Epic says it will remove an 'unintended' swastika in Fortnite (Updated)

Original story:

A group of Fortnite players noticed something odd and unpleasantly surprising in the way four metal floor tiles came together as part of an in-game dance floor they were constructing: Where the four corners joined, a very distinct swastika had formed

The symbol is generated when the tiles are placed together and then edited into a circle, redditor EuBestCityEu explained. "We were making a dance floor in tilted when one of my teammates noticed this," they wrote. 

Some of the commenters in the thread suggest that the image is fake because of the way parts of the image had been blurred to hide player names, or that the appearance of a swastika isn't an issue in the first place. But a post by an Epic developer appeared to confirm that it is real, and really a problem. 

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"Thanks for bringing this to our attention," DanDaDaDanDan wrote. "This was unintended and will be addressed ASAP by adjusting the metal piece art!"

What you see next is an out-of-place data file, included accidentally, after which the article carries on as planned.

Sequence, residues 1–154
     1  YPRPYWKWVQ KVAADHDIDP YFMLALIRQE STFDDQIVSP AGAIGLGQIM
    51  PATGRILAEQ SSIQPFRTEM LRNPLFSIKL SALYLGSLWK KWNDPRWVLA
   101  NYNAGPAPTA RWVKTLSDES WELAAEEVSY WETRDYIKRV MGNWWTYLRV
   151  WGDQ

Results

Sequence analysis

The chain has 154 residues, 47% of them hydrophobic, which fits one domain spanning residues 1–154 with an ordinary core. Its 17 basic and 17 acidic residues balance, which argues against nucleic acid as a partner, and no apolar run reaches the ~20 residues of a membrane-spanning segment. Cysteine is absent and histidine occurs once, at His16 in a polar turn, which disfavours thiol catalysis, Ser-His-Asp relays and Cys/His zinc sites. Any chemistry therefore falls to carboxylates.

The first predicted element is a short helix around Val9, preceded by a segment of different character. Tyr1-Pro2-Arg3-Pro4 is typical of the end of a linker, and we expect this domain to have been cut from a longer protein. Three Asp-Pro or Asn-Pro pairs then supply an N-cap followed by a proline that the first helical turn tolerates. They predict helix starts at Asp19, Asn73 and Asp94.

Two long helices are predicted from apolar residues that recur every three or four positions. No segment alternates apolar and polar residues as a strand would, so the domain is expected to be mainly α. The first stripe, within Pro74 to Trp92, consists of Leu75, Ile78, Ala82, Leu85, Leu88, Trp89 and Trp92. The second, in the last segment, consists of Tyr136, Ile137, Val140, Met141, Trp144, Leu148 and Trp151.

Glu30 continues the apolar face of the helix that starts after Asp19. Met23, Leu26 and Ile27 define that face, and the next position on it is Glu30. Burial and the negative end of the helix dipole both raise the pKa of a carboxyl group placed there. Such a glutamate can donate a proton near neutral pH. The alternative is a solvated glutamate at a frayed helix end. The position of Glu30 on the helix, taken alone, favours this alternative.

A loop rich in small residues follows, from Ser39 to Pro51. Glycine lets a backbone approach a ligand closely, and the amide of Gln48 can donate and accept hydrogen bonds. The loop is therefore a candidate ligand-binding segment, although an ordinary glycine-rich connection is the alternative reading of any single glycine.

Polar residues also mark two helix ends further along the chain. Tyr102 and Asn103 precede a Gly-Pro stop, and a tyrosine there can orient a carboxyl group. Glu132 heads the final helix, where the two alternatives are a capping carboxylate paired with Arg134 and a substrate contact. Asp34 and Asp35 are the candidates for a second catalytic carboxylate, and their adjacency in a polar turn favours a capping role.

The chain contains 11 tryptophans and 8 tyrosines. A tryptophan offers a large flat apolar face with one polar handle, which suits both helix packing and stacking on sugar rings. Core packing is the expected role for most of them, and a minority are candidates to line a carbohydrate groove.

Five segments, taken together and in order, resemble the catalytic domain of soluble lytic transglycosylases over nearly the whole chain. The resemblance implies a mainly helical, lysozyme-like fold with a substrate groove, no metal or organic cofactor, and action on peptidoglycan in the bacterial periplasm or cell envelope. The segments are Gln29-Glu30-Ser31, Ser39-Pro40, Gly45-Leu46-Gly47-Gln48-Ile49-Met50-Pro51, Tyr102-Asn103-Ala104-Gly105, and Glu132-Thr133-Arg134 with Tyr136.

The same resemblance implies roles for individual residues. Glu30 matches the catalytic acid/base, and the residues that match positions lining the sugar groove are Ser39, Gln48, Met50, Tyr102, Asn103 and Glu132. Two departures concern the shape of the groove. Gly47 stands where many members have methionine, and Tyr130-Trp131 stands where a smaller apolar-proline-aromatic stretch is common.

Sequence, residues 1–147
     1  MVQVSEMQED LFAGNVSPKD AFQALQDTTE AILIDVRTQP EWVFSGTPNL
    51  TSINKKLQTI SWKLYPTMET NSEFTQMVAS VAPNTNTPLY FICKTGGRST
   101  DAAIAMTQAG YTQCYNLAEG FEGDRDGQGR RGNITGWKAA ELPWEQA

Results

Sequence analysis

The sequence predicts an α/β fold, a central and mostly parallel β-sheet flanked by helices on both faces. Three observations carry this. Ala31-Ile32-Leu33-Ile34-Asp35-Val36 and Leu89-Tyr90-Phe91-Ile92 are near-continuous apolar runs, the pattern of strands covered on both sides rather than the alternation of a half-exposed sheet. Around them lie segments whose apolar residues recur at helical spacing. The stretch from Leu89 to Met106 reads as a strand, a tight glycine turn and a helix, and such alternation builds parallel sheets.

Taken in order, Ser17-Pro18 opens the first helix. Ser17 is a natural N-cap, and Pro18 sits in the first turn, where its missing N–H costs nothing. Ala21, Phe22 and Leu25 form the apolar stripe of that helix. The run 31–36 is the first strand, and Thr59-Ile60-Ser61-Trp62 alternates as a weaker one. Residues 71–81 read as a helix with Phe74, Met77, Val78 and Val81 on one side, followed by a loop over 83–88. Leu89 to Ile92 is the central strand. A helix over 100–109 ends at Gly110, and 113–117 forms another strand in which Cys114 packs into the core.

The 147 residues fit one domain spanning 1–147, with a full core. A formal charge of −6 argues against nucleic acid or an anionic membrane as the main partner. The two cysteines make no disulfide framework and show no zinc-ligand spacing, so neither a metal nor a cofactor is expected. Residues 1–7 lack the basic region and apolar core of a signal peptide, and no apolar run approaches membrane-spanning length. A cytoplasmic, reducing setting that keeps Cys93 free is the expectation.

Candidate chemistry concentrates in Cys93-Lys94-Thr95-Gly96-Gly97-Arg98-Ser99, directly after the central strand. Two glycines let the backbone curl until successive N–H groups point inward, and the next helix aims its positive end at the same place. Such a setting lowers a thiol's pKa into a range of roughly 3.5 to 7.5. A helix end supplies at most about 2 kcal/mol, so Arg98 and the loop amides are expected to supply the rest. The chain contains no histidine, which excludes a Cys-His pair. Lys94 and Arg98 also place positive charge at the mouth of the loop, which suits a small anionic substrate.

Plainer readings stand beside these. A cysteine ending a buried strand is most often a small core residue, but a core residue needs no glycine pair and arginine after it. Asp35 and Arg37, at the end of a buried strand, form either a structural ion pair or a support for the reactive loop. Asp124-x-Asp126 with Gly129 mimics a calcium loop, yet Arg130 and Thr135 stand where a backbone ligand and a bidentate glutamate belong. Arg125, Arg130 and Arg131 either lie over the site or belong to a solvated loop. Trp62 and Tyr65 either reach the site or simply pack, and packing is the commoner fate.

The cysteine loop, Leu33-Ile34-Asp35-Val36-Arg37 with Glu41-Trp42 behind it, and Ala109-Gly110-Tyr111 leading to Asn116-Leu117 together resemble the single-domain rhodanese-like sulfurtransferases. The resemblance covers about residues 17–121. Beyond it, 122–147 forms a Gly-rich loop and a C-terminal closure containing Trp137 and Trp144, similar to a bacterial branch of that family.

Epic hasn't said when the offending asset will be modified [Update: It has now, see below for details], but since we're talking about literal Nazi imagery, I would imagine that it's pretty high on the priority list. And in its defense, it is apparently easier for this sort of thing to happen than you might expect.

The struggle is real for architects, too.

Update: The swastika fix won't be deployed this week because the update is already locked down, but you can expect it to arrive in the next one. When it gets here, the fixed floors will look like this:

Andy Chalk

Andy has been gaming on PCs from the very beginning, starting as a youngster with text adventures and primitive action games on a cassette-based TRS80. From there he graduated to the glory days of Sierra Online adventures and Microprose sims, ran a local BBS, learned how to build PCs, and developed a longstanding love of RPGs, immersive sims, and shooters. He began writing videogame news in 2007 for The Escapist and somehow managed to avoid getting fired until 2014, when he joined the storied ranks of PC Gamer. He covers all aspects of the industry, from new game announcements and patch notes to legal disputes, Twitch beefs, esports, and Henry Cavill. Lots of Henry Cavill.